|Photo by Carol King|
So you saved your poinsettia from last Christmas. You fed and watered it properly and it’s looking good. Right now is the time to take action give it some uninterrupted darkness if you want “blooms” by this holiday season.
Photoperiodism is the physiological reaction of organisms to the length of day or night. Poinsettias are short-day photoperiodic plants. They actually sense seasonal changes in night length which they take as signals to flower. This means they set buds and produce flowers as the autumn nights lengthen, blooming naturally during November or December.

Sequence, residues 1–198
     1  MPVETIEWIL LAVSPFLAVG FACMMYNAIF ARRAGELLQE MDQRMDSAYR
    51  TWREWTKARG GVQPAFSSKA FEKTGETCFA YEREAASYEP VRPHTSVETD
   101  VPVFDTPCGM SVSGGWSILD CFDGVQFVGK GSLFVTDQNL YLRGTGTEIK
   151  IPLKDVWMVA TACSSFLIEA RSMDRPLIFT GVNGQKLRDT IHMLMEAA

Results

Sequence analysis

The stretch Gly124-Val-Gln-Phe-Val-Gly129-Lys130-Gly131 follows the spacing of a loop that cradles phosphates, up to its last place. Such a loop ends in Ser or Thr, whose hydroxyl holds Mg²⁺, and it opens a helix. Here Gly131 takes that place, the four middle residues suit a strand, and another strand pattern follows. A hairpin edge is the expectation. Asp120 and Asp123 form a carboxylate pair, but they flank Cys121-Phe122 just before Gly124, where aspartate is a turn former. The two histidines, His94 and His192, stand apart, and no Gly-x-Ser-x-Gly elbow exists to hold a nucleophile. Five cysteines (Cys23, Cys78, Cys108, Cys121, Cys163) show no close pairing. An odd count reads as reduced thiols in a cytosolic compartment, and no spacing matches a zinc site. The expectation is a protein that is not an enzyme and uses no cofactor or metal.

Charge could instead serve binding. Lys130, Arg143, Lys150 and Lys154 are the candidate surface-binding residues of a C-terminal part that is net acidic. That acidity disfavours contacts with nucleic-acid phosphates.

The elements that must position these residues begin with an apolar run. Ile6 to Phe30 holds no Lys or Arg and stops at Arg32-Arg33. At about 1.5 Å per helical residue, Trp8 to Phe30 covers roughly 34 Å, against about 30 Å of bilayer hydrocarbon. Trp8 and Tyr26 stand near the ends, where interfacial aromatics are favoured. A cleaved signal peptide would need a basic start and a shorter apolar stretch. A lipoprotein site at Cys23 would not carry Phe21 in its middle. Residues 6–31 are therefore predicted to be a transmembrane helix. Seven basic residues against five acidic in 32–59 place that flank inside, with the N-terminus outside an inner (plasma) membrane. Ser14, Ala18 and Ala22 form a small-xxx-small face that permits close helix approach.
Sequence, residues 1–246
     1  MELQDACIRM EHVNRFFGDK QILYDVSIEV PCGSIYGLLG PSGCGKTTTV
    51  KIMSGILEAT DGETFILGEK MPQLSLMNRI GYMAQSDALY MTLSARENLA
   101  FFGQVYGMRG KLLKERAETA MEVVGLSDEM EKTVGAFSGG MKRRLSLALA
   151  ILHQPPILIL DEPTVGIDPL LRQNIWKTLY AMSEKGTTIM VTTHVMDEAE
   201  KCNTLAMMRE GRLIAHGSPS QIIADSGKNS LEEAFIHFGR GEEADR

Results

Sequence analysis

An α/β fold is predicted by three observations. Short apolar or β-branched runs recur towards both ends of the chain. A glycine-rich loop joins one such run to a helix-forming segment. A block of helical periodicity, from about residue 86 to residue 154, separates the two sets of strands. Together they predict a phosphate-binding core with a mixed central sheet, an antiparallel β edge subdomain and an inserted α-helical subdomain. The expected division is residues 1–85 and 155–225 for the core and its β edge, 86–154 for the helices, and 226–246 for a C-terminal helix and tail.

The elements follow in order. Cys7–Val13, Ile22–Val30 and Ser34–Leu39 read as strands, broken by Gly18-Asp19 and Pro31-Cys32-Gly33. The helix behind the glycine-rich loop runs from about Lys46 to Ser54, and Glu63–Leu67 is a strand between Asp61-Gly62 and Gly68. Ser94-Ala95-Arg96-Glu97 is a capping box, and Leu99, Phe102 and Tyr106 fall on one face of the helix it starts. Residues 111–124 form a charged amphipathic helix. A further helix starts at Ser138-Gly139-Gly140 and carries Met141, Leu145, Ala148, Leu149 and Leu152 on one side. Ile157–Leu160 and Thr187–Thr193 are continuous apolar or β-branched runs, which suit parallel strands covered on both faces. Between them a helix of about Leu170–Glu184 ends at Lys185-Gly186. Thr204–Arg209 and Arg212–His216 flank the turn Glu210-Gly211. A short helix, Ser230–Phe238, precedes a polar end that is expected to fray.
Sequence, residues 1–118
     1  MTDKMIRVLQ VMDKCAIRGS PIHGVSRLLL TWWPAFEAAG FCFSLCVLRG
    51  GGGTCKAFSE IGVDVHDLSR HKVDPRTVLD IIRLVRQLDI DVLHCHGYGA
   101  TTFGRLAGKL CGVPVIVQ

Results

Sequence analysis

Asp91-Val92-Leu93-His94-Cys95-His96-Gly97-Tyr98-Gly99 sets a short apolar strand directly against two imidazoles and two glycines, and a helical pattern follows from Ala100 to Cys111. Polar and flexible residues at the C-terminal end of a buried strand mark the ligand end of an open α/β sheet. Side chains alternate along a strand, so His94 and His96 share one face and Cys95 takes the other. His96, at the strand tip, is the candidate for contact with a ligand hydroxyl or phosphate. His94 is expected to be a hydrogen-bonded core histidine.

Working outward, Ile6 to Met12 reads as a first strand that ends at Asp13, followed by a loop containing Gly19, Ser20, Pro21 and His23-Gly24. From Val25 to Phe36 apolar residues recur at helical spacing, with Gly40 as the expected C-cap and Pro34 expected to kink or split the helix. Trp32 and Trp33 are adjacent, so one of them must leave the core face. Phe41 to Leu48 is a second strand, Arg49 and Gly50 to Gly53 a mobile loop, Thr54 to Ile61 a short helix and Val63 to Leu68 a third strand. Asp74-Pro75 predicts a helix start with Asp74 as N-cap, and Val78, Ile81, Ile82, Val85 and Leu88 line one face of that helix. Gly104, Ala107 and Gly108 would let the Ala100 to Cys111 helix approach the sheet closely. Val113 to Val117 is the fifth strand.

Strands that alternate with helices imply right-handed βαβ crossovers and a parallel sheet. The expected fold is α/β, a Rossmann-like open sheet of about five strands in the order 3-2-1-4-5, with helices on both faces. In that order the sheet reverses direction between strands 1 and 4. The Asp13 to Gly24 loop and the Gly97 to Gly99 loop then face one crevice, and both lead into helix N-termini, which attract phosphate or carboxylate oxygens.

Starting about October 1, your poinsettia needs at least 14 hours of uninterrupted darkness each night at temperatures between 60 and 70F. Stray light of any kind (street lights, pool lights or lamps) could delay or entirely halt the reflowering process. From October 1 to December 1, (or for at least 40 days) your poinsettia will need a strict light/dark regimen to produce color. Provide 13 to 16 hours of complete and uninterrupted darkness daily. At dusk, place the plant in a dark room (or closet) or cover with a box or paper bag. At dawn, move or uncover the plant to allow 8 hours of sunlight. The dark treatment should last until color shows in the bracts (approximately Thanksgiving). Continue fertilizing and watering to encourage good growth.
For more information about the care of poinsettias look here: